Renters Insurance

Homeowners Aren’t The Only Ones Who Need To Protect Their Personal Possessions

Studies surprisingly find that 95% of all homeowners ensure that they have a homeowner’s insurance policy, while only 37% of renters have a renter’s insurance policy. One of the common misconceptions amongst most renters is that they don’t own much to warrant a renter’s insurance policy. But have you stopped and considered the value of everything you own? Do you have enough money to replace your expensive clothes, jewelry, and art if a burglar breaks into your apartment and “borrows” them? Renters insurance is an essential safety net in case of a disaster. What’s more, renters insurance is affordable – the average policy cost is $187 per year.

Top Reasons to Get Renters Insurance

One of your main goals is to build a financial safety net, right? You have car insurance, health insurance, and life insurance. But do you have renters insurance? Some things are simply beyond your control, even when it comes to your own space. With this in mind, you may want to secure your property and belongings. Renters insurance will cover your personal items from damage and loss.

Surprisingly, while 95 percent of property owners have homeowner’s insurance, just 41 percent of renters have a renter’s insurance policy, according to the Insurance Information Institution Poll. “Most renters incorrectly assume that their landlord’s insurance covers them.” Says Investopedia author Steven Richmond, “which is wrong because they can be held liable for damages or injuries.”

Below are five key reasons why you should consider a renter’s insurance policy:

 

1. There is more value in your personal possessions than you may think

A renter’s insurance policy will protect you against loss to your personal property, including computers, jewelry, luggage, electronics, and furniture. While you may not own much, the value of your personal items can add up quickly. The average American renter has personal property worth approximately $20,000.

 

2. Other peoples actions are out of your control

When living in an apartment, you won’t get to choose who your neighbors are, and sometimes, they can be careless. However, you can control the outcome if they destroy your personal items. For instance, when your neighbor upstairs leaves their overflowing bathtub and water damages your properties, your renters’ insurance will send a team over to help with the cleanup. In the case of extensive water damage, they will pay additional temporary costs of living, as your apartment may be unlivable. What’s more, they will compensate you for damages to your personal property.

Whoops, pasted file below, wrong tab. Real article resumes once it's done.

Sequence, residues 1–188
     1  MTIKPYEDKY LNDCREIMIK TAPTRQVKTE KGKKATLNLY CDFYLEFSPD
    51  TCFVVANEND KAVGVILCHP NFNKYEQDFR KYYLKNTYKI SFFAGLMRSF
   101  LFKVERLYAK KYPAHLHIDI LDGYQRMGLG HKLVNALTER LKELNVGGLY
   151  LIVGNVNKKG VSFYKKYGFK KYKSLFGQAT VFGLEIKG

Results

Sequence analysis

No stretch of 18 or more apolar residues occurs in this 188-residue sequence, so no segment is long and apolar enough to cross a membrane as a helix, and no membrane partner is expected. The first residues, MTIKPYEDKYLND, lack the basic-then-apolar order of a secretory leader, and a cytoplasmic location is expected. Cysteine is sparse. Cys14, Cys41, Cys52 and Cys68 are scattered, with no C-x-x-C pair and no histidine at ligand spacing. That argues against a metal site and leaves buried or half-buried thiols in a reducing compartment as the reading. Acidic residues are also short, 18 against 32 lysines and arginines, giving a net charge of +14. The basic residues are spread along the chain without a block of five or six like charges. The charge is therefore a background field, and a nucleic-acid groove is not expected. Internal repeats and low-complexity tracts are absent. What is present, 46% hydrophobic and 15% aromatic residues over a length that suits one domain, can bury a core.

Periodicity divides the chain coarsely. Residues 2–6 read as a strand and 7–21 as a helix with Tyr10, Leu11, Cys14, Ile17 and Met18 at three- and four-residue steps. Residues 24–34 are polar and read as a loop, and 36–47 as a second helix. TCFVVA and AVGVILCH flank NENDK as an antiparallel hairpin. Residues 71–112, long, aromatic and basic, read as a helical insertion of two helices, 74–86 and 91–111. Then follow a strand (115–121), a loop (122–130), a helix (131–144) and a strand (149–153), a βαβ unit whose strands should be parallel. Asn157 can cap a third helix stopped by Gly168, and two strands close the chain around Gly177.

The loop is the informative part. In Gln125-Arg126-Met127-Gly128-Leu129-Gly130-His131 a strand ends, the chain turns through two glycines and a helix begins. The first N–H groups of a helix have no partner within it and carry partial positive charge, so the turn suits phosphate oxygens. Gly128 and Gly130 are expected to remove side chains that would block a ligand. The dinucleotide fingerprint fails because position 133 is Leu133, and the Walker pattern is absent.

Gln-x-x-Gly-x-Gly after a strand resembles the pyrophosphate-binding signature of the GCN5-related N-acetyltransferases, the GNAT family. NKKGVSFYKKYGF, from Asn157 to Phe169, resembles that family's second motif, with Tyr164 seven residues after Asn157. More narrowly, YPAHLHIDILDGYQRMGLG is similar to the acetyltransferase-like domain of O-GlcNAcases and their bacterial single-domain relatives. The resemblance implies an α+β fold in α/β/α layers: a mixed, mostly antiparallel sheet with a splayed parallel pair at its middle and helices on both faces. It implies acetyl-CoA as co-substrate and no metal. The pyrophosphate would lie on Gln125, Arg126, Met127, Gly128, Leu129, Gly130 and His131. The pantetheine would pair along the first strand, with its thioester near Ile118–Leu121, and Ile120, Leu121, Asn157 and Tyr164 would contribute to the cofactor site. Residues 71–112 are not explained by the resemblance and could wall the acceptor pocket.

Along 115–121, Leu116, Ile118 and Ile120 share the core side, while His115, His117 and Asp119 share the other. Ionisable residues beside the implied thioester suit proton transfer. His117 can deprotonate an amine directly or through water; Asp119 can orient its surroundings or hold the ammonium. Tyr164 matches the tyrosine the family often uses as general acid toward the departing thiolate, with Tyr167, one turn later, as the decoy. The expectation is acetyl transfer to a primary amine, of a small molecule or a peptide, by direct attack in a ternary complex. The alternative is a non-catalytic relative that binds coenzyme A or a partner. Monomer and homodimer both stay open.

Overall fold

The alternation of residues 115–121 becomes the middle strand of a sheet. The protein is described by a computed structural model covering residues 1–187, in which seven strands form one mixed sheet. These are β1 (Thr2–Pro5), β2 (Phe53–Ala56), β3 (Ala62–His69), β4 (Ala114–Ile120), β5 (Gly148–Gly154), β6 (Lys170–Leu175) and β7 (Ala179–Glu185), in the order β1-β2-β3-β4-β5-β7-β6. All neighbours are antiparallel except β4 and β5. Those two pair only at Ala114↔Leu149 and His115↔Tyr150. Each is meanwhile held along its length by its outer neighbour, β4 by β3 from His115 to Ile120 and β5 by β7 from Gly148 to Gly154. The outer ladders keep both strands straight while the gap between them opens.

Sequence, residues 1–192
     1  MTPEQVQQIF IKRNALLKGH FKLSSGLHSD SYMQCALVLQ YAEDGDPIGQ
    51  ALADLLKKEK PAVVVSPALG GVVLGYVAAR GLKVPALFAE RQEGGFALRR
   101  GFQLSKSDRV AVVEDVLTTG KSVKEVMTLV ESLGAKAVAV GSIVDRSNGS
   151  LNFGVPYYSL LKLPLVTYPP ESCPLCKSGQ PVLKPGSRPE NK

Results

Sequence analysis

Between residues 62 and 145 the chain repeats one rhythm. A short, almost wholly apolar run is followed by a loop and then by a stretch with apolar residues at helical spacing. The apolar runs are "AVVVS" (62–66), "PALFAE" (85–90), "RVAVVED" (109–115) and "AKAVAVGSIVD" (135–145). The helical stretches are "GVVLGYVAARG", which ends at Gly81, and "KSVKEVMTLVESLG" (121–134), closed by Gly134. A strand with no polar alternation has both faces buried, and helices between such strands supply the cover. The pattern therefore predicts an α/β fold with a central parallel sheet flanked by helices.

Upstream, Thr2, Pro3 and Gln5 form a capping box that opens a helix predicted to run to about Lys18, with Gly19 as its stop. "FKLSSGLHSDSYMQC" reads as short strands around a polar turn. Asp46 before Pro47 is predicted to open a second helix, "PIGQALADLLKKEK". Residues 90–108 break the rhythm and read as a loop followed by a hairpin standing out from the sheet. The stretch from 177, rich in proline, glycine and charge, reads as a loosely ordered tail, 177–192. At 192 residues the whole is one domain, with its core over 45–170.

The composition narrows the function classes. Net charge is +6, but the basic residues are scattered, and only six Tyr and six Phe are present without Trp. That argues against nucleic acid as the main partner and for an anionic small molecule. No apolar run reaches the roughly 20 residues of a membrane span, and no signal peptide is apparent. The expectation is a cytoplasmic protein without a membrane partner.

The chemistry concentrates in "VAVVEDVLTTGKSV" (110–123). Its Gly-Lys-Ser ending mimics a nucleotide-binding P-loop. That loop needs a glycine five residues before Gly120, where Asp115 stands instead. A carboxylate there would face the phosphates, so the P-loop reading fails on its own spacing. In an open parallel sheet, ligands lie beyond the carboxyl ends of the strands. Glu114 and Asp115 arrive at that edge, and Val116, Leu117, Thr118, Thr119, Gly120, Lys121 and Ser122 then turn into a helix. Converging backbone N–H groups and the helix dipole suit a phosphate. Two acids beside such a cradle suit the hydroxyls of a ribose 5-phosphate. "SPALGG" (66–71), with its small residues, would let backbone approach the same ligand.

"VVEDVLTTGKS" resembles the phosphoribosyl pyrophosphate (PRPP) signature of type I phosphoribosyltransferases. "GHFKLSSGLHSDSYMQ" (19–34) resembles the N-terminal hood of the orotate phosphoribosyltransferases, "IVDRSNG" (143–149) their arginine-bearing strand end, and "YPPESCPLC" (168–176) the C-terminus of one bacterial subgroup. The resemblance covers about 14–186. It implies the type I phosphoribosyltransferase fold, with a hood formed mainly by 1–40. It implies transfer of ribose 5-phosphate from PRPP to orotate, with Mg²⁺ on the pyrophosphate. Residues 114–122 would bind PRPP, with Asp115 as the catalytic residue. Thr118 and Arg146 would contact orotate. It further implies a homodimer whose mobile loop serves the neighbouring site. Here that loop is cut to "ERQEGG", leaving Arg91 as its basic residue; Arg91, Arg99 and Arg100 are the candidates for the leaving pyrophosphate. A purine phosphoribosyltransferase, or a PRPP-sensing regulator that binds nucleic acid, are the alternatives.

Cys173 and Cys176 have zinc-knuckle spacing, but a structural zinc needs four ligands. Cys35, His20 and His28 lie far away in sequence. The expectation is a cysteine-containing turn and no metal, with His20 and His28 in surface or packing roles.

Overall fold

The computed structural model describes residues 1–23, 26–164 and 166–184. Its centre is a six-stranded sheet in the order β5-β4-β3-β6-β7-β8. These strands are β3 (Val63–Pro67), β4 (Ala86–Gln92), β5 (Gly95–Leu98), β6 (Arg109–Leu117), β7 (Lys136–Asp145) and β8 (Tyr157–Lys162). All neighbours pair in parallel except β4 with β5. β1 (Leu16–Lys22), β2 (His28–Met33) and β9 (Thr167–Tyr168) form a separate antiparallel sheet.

3. You can get relatively cheap renters insurance

According to a recent report by the National Association of Insurance Commissioners (NAIC), the average monthly premiums for renters insurance range between $15 and $30. However, this will mainly depend on the size and location of your rental unit and the value of your personal possessions.

 

4. Coverage includes more than just your personal possessions 

Your renter’s insurance policy covers not only your personal property but also other things that may occur and be beyond your control. A typical renter’s insurance policy will provide liability coverage of over $100,000. This will provide you with protection should someone get injured while in your home, or when you or another covered person accidentally injure another person. Additionally, a standard renter’s insurance policy will pay for any court judgments and legal fees.

 

5. Most landlords require you to have renters insurance 

Your landlord’s property insurance only covers the structure and the ground, but it doesn’t cover your personal property. Although renter’s insurance isn’t required by law, most landlords today will require you to purchase it and will want to see proof. This can either be your landlord’s idea or an order from the landlord’s property insurance. This is because when you’re covered, your landlord may no longer be responsible for certain things.

How much is your stuff worth?

When purchasing your renters’ insurance cover, you have a couple of choices to make. How much is the value of your property? Which possessions do you need to be covered? You will also have to decide between an actual cash value policy or a replacement cost policy. You will learn more about the two in the next section.

Renters Insurance Coverage:

First things first, you want to know what renters’ insurance actually covers. Renters’ insurance will cover your damaged, lost, or stolen personal possessions, as well as any additional living expenses. Renters’ insurance will also cover for injuries that may occur in your rental home or apartment. For instance, when someone gets injured in your home, and it is determined that it was your fault, the other party may file a liability claim with your renters’ insurance company.

Coverage: Personal Property

Think about what you own. Personal property coverage is a component of renters’ insurance, and it will cover the cost of replacing your personal items in case they are unexpectedly ruined or damaged. This type of protection applies to some perils, including:

  • Theft
  • Vandalism
  • Falling objects
  • Smoke
  • Hail & Windstorms
  • Freezing plumbing systems
  • Volcanic eruptions
  • Fire & Lightning
  • Explosions
  • Civil commotion or Riots
  • Water damage from pressure from plumbing appliances
  • Damage from your cooling and heating systems
  • Damage from the weight of sleet, ice, or snow
  • Damage caused by vehicles and aircrafts